...It's authentic 90s aesthetic
THE EXCHANGE (2021)
The craziest thing about watching Canadian, coming-of-age comedy, The Exchange, is that a movie set in the 90s (the decade in which I was born), looks like and has the feel of the coming-of-age movies I watched growing up that are set in the 70s and 80s! I’m not that old, surely?
However, the replication of these classic coming-of-age movies in The Exchange is a great positive for the film itself. It’s very funny, filled with entertaining characters and even though the plot itself doesn’t add anything new to the formula, there’s still a lot of heart that carries this comedy through to the end!
Taking the helm of director for this movie is Borat co-writer Dan Mazer. With an extensive background in comedy, Mazer is undoubtedly a competent handler of both visual comedy and constructing great comedic timing on screen. There are great back and forth moments between a variety of characters, and Mazer manages to capture the excessive awkwardness of a coming-of-age tale with ease. The pacing and editing is sharp and crisp, clocking in at just over 90 minutes, each scene feels important to the characters and plot with very little drag creating disinterest.
On top of the comedic element of The Exchange, it genuinely captures the aura of a 90s film through great set designs and cinematography.
The Exchange at its core is the classic high-school outsider tale. We follow Tim (Ed Oxenbould), the social outcast of a small Canadian town with no friends or romantic prospects on the horizon. Tim engulfs himself in culture outside his Candian roots, mostly obsessed with all things French-art related. So, when the opportunity arises to house a French foriegn exchange student, Tim is elated… until the arrival of Stephane (Avan Jogia), a sex-addicted, breakdancing, chain-smoking teen who doesn’t live up to Tim’s high-society cultural standard of France.
What I enjoyed about The Exchange, is that even in all its familiarity when it comes to the story it tells, it flips certain aspects upside down to create interest in the movie. Initially, I thought the movie was going to make Stephane an unbearable character in order to make the audience feel more sympathy for Tim. However, immediately as we are introduced to Stephane, as much of a culture shock as he is for Tim, he’s incredibly friendly towards him and wants to make a genuine friendship! It’s little elements like this that have changed the formula of the coming-of-age tale enough to make The Exchange an enjoyable story to watch.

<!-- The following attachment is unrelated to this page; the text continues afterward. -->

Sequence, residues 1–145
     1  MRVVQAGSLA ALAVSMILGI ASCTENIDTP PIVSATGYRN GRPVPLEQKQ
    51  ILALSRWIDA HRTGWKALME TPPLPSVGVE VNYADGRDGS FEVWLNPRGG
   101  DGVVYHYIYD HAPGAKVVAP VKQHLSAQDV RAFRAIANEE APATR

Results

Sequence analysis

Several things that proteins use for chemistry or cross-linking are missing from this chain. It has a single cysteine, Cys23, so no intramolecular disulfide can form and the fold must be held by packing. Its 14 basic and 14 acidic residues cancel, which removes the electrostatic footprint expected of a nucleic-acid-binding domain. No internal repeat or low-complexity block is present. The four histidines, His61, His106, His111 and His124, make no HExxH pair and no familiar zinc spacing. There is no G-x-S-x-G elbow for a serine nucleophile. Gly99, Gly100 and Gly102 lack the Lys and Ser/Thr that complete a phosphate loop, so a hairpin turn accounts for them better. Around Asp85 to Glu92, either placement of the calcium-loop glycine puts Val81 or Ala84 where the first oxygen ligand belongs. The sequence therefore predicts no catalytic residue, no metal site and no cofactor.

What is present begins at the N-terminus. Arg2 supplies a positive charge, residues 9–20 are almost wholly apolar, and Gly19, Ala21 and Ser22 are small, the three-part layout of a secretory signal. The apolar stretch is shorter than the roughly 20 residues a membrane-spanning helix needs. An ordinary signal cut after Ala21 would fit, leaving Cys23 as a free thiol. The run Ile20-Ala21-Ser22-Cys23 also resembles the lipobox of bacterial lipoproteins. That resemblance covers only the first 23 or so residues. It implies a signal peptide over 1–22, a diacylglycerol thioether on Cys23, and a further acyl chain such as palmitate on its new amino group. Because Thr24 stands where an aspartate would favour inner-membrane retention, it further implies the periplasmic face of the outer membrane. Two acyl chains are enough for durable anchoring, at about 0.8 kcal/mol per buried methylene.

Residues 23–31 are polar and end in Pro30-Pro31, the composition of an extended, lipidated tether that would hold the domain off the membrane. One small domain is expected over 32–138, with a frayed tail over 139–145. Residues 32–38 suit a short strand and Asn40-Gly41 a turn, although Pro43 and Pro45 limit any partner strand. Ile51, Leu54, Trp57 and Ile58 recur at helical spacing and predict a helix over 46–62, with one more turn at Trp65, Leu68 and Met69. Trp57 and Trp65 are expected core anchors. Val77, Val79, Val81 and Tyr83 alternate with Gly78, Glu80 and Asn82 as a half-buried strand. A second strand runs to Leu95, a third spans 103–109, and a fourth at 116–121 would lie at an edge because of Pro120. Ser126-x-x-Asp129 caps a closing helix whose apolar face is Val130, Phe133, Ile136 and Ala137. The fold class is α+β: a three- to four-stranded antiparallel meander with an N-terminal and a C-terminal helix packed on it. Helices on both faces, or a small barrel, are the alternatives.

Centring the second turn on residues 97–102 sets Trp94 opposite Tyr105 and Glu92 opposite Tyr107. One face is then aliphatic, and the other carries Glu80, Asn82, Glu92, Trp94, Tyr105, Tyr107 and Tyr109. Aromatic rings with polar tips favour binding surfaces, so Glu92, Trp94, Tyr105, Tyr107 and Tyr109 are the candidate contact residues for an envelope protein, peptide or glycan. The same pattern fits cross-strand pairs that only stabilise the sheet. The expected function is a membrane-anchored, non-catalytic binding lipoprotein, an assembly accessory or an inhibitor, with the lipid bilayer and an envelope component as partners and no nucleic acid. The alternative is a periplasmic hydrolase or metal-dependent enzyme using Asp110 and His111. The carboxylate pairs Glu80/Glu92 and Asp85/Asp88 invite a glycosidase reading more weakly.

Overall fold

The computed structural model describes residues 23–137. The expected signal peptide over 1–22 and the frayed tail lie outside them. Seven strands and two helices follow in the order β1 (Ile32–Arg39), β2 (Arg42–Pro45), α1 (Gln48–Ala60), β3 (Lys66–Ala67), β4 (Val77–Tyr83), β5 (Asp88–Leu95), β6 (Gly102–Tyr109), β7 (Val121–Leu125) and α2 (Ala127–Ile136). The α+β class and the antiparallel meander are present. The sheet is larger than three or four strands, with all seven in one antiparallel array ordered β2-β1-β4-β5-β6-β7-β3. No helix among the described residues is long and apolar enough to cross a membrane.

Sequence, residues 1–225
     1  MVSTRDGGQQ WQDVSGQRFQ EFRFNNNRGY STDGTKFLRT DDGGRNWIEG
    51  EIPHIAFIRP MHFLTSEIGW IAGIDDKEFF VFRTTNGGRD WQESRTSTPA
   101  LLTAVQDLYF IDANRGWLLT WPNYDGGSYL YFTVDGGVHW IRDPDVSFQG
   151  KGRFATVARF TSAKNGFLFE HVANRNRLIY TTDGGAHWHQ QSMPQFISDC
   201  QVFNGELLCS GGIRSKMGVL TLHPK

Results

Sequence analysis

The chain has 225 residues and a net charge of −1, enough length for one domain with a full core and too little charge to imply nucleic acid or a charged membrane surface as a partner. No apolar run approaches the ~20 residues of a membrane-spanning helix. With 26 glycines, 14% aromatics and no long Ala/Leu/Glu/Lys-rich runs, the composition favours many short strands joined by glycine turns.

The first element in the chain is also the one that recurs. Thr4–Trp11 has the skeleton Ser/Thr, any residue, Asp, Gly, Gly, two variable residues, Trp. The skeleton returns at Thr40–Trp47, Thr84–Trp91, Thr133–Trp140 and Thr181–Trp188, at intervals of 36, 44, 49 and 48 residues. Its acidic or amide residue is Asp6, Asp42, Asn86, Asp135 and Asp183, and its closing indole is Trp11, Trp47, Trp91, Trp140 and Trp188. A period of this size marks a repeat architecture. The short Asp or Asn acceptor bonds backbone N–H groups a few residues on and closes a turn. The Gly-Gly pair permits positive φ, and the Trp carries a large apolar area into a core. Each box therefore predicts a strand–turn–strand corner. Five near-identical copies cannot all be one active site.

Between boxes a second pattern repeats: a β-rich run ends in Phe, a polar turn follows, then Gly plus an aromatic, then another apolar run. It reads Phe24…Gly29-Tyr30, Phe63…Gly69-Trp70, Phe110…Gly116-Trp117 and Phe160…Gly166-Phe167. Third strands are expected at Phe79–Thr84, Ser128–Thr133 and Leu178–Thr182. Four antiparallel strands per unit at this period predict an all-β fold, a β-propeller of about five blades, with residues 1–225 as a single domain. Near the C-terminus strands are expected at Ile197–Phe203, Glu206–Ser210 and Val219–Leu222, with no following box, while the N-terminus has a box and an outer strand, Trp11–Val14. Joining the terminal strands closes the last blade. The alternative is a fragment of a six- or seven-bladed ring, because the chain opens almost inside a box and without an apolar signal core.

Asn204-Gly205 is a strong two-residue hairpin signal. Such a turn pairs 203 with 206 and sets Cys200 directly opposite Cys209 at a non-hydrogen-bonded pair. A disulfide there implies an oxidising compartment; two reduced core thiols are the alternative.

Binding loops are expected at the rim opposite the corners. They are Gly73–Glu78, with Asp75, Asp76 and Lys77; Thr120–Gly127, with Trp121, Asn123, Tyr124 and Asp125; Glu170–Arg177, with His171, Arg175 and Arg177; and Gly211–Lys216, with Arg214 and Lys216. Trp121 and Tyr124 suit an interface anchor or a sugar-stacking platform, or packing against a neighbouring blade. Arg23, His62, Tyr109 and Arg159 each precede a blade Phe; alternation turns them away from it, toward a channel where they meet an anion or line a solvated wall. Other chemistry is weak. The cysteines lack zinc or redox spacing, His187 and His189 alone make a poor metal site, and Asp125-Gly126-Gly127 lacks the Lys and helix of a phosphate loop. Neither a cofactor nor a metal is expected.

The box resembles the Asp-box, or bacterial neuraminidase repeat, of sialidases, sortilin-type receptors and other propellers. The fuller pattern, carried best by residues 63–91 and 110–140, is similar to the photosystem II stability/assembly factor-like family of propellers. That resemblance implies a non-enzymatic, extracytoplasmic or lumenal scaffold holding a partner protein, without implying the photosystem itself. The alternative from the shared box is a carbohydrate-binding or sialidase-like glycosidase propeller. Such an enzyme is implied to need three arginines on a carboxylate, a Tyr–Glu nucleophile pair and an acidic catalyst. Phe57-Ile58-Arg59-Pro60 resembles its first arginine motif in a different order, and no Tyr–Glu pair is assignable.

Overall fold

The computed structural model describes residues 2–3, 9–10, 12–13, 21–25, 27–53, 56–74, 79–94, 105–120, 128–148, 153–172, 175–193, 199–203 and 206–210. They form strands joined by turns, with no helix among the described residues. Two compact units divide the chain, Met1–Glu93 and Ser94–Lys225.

ACTING | CHARACTERS | DIALOGUE:
Although it’s not confirmed in any title cards or credits, the character of Tim shares the name of screenwriter Tim Long, which alludes to the fact this is an autobiographical tale! And with the variety of unique characters in The Exchange, it definitely seems that a lot of them are inspired by real life people. Oxenbould turns in a great performance as the slight neurotic, yet oddly charming Tim and Jogia provides immense comedic moments as the brash Stephane. Their chemistry together is great too! Even though their characters are complete opposites to each other, on screen both actors work very well together!
One of the films highlight characters though is Justin Hartley as the uncomfortably cocksure gym teacher/local law enforcement officer of this small town, Mr. Rothbauer. He is the epitome of the stereotypical gym teacher who thinks he’s the top guy, and every awkward encounter, joke or advance he makes on anyone is only as good as the delivery of these cringe-fest lines from Hartley himself.
VISUAL EFFECTS | MAKEUP | DESIGN:
A relatively small budget feature, The Exchange does well with the cards it was dealt. The set designs and costuming really embrace and accentuate the 90s vibe, but there is nothing overly outstanding about how this movie is presented. That’s not to take anything away from the effort put into this film, but as a movie that relies mostly on characters and story, over it’s visuals, there is a little bit left to behold when it comes to large scale cinematic quality.
MUSIC | SCORE | SOUND DESIGN:
There’s plenty of great 90s tracks throughout this movie that had my head bopping each time they came on. The soundtrack utilises nostalgia very well and is a welcomed addition to the movie as a whole. The cinematic score co-composed by Christoph Baushinger and Michael Smith is not as prevalent as the soundtrack itself, but definitely adds a great emotionality to the dramatic scenes that arrive in the film's third act.
While The Exchange doesn’t reinvent the coming-of-age comedy, it’s authentic 90s aesthetic, lively characters and genuinely laugh out loud jokes make for a very entertaining 90 minutes. Each actor really embraces their character and draws the audience in for a nostalgia trip that will leave a smile on your face!